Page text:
The Lì Jì Cān Tiān Inscription BoardAfter establishing the Xikou Mazu Temple in Taiwan and seeing that his dissemination of Mazu’s teachings had achieved some results, the monk Hengzhen (Lin Shouyi), founder of the temple, returned to his hometown, Xianyou, in 1783 to build another Mazu temple named Longxing Temple. A board with the inscription Lì Jì Cān Tiān was bestowed upon Longxing Temple by the Qing Dynasty Emperor Qianlong (the inscription refers to the benefits and aid conferred by Mazu). However, because the inscription board was gifted to Longxing Temple by the emperor, it could not be brought to Taiwan at the time. Therefore, monk Hengzhen and the residents of the 13 villages had a second board inscribed, which was signed “A Contribution from the Humble Local Gentry.” In the 1950s, Longxing Temple was dismantled and faithful worshippers hid the first inscription in their homes. In 2011, the first inscription board was found in a private home in mainland China and brought to Tzu Yu Temple. Today, both inscription boards hang in the main hall.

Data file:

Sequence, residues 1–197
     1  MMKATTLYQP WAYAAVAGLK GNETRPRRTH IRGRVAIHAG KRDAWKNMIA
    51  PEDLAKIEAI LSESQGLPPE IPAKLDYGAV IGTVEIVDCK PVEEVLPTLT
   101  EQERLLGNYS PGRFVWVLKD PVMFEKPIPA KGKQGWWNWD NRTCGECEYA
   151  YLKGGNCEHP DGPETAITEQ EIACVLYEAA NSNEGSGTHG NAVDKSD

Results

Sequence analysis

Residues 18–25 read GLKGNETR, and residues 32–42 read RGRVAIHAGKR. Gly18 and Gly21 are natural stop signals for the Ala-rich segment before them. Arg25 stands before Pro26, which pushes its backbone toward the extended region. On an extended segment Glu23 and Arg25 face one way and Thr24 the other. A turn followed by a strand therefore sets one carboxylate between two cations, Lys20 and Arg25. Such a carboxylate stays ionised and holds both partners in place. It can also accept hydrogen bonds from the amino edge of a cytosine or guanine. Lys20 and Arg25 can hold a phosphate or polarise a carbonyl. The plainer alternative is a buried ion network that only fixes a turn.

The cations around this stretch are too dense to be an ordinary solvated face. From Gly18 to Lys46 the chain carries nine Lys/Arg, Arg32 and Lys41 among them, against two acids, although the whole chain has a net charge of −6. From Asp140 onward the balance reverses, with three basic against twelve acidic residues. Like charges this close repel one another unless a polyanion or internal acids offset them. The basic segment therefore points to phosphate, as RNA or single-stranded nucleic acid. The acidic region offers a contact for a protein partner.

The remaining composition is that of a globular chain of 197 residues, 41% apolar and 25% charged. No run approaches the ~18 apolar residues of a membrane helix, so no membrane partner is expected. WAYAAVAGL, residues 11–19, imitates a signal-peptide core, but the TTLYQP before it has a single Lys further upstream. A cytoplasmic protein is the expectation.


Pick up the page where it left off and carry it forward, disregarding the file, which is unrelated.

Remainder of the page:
6The Stone Sculpture Exhibition Area

The Stone Sculpture Exhibition AreaThe stone sculptures Tzu Yu Temple has accumulated in past two hundred-odd years are kept in the Song Shan Tzu Yu Temple Stone Sculpture Exhibition Area behind the temple by the levee on Songhe Street. They include dragon columns, stone wall reliefs, and other items left behind from the temple’s seven reconstructions and post-fire rebuilding. The dragon columns are absolutely unique. Their decoration is entirely different from typical dragon columns. Carved upon them are depictions of people riding a whole menagerie of animals, such as rabbits, roosters, frogs, and crabs, rather than the horses one expects to find. They circle the entirety of both columns from top to bottom. Despite years of wear, the carvings are still in good condition and many details can still be easily identified.


Tzu Yu Temple is the primary center of worship for the residents of Xikou’s (Songshan’s) thirteen neighborhoods. Every year on Mazu’s birthday (the twenty-third day of the third lunar month), during the Goddess’ inspection parade, the residents of the thirteen neighborhoods set up altar tables outside their homes and shops and prepare flowers and fruit to greet and pay respects to Her as She passes. The entire Songshan area comes alive with a festive atmosphere on that day.